Militants in Indian-administered Kashmir have increased the targeted killing of Hindus, who are a small minority in the region, spreading panic among them. In this Q&A, Crisis Group expert Praveen Donthi draws upon interviews with residents to explore the implications of this violence.
Militant activity remained at low ebb in Jammu & Kashmir (J&K), while mandate of grassroots body of representatives expired as new regional elections remained in doubt.
Militant attacks and security operations remained at low ebb due to winter. Security forces and militants 3 Jan engaged in gun battle in Kulgam district. Security forces 4 Jan arrested Hizbul Mujahideen militant from New Delhi. Security forces 5 Jan killed alleged Lashkar-e-Tayyaba militant in Shopian district. Authorities 21 Jan arrested juvenile harbouring militants. During annual press conference, India’s army chief 11 Jan claimed “increase in terrorism” in last five-six months in J&K’s Rajouri and Poonch districts, describing it as “one area our adversaries have been active in”; he claimed security forces killed 45 militants in last three years in area, while militants killed seven soldiers in Kashmir valley and twenty in Rajouri-Poonch area in same period. Security forces 27 Jan busted module of cross-border arms smuggling and arrested five militant associates in Kupwara district.
Terms of grassroots political representatives expired. Mandate of 28,000 grassroots representatives elected in 2018 to first-ever three-tier system of representation in J&K officially ended on 9 Jan after completion of five-year term, bringing end to last semblance of political representation in region; calls continued for regional assembly election to be held this year, last of which was held in 2014, but no date has been set.
Govt banned two separatist organisations. Ministry of Home Affairs 27 Dec declared Muslim League Jammu Kashmir “an unlawful association” for five years under Unlawful Activities (Prevention) Act, accusing it of seeking to establish “Islamic rule in J&K”. Ministry 31 Dec declared Tehreek-e-Hurriyat unlawful for five years under same law, alleging “terror activities to fuel secessionism in J&K”.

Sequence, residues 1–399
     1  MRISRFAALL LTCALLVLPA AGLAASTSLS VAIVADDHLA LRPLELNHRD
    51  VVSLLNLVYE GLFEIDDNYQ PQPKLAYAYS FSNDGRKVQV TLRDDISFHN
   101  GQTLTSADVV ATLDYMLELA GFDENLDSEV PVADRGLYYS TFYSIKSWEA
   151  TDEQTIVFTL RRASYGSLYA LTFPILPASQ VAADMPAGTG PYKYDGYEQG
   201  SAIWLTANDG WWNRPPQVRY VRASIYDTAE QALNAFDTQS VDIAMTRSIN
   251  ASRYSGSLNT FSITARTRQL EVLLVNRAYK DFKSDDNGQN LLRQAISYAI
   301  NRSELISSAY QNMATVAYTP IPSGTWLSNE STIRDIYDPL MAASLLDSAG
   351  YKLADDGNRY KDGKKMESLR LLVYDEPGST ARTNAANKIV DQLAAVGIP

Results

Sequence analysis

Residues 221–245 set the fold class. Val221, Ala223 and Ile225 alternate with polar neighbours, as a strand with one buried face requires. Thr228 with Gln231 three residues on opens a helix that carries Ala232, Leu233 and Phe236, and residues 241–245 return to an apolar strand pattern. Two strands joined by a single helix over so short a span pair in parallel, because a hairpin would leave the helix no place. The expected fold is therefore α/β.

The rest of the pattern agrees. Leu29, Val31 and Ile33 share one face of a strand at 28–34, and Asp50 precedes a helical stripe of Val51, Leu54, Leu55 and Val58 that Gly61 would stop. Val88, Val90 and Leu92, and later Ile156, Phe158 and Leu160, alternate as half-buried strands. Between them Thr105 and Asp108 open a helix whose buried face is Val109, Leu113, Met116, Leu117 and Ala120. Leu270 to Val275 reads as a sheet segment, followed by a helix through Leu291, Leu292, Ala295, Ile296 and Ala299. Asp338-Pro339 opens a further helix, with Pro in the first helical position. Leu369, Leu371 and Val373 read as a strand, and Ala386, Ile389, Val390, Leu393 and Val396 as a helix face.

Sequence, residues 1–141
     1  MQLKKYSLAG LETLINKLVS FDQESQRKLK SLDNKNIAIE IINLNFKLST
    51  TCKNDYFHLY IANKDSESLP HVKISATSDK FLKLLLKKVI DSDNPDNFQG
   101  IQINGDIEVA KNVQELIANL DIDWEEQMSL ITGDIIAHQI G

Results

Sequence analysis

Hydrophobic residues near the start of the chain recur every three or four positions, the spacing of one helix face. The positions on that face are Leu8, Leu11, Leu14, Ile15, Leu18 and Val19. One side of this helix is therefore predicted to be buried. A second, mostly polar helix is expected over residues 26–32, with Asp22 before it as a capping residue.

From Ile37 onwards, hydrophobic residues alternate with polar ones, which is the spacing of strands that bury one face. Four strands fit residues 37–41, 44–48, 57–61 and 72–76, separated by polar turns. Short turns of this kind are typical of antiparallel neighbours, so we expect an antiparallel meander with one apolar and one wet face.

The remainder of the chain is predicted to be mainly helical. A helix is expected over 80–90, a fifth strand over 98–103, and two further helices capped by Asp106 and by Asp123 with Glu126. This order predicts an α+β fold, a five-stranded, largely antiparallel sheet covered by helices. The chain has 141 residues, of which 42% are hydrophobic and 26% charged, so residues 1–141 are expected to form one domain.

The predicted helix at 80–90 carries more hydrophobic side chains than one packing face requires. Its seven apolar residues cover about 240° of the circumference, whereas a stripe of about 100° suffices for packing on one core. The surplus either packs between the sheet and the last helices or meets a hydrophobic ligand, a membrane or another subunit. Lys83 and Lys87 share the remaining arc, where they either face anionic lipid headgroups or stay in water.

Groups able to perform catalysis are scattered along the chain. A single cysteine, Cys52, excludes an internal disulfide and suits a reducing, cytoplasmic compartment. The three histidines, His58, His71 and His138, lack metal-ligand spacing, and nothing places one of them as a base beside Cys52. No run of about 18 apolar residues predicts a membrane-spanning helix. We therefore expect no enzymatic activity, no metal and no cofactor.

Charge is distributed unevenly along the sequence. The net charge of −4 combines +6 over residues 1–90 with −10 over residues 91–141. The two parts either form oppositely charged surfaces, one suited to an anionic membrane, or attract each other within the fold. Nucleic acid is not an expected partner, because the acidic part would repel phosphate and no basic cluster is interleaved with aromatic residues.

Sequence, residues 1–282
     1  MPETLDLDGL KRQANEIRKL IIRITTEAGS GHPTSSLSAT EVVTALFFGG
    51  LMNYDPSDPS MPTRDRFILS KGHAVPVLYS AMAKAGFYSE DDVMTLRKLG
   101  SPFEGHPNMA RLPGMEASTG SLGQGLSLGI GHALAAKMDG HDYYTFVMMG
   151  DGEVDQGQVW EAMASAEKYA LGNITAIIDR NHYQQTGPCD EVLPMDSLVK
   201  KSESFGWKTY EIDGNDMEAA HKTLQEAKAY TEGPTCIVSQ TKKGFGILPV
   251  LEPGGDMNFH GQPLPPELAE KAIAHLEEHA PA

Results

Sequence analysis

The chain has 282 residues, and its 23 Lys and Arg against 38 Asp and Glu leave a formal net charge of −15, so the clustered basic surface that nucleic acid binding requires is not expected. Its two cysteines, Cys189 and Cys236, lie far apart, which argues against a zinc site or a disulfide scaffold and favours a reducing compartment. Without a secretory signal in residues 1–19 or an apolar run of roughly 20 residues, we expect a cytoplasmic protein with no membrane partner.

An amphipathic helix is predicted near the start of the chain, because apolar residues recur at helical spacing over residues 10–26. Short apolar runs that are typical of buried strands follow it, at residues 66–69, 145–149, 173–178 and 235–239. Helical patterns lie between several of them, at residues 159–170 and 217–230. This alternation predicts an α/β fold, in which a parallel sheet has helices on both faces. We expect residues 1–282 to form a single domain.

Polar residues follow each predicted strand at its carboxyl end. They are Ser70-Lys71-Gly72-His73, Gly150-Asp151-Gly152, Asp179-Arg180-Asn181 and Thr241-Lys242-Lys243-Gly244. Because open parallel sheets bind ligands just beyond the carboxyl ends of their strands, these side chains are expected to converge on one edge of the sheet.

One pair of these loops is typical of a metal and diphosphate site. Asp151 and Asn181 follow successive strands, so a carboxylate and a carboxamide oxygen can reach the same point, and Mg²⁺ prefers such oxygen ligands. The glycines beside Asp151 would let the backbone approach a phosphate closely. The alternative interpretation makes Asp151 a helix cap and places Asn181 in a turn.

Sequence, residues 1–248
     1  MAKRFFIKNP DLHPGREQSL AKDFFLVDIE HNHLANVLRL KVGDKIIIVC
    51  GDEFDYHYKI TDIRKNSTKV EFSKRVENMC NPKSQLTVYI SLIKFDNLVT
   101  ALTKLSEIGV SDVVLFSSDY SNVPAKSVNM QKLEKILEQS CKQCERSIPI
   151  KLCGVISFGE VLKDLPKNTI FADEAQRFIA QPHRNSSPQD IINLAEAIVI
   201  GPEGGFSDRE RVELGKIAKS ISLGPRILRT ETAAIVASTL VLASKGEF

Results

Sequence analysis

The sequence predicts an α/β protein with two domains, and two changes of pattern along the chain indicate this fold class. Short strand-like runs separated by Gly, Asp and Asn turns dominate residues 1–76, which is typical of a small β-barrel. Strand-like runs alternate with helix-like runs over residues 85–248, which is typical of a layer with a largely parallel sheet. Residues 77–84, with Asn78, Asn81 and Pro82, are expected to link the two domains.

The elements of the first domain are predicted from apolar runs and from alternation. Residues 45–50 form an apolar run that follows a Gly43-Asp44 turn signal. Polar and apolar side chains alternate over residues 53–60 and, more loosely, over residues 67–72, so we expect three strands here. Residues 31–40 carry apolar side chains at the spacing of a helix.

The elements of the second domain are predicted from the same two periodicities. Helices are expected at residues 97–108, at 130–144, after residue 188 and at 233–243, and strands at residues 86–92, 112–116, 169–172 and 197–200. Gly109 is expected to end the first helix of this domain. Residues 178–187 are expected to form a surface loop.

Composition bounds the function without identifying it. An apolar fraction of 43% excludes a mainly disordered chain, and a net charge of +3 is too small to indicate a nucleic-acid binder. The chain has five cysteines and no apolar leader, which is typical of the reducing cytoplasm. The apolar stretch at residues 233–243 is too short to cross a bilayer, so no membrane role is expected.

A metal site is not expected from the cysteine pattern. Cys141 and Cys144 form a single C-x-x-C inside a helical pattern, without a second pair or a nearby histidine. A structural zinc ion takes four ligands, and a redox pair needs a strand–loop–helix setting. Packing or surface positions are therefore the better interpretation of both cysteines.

In other important developments. India’s Border Security Force 20 Jan seized consignment of arms and ammunition smuggled by drone, allegedly from Pakistan, in Punjab district. India 13 Jan protested UK High Commissioner to Islamabad’s visit to Pakistan-administered Kashmir, asserting “such infringement of India’s sovereignty and territorial integrity is unacceptable”. Pakistan’s FM 25 Jan claimed “credible evidence” of links between Indian agents and 2023 killings of two Pakistanis in Pakistan; India rejected allegation.
Crisis Group’s Watch List identifies ten countries or regions at risk of deadly conflict or escalation thereof in 2022. In these places, early action, driven or supported by the EU and its member states, could enhance prospects for peace and stability.
As the decades-old conflict continues in Kashmir, with incidents occurring every week, dangerous tensions make future violence possible. In this excerpt from the Watch List 2022, Crisis Group urges the EU and its member states to push for India and Pakistan to rebuild mutual respect and peaceful relations by resuming formal bilateral ties and re-engaging with Kashmiri political leaders.
One year ago, India rescinded constitutional provisions giving special status to Jammu and Kashmir, the disputed territory also claimed by Pakistan. Kashmiri militancy is growing, often with Pakistani encouragement. Allies should urge New Delhi to relax its clampdown and Islamabad to stop backing jihadist proxies.
Reciprocal airstrikes by India and Pakistan have been accompanied by shelling, troop reinforcements and small arms fire. In this Q&A calling for restraint between the nuclear-armed neighbours, Crisis Group’s Asia Program Director Laurel Miller notes that the airspace violations alone were the worst for 50 years.
A 14 February suicide attack by Pakistan-based militants was their bloodiest strike in Indian-administered Kashmir in over three decades. In this Q&A, our Asia Program Director Laurel Miller warns that even a limited Indian retaliatory strike could spark a sharp escalation in conflict between the nuclear-armed neighbours.
Their recent dialogue process provides the best chance yet for bilateral peace and regional stability, but Pakistan and India must still overcome serious mistrust among hardliners in their security elites.
Even if India and Pakistan appear willing to allow more interaction across the Line of Control (LOC) that separates the parts of Kashmir they administer, any Kashmir-based dialogue will fail if they do not put its inhabitants first.
When the third round of the normalisation talks concludes in July 2006, India and Pakistan will be no closer than when they began the process in February 2004 to resolving differences, including over Kashmir.
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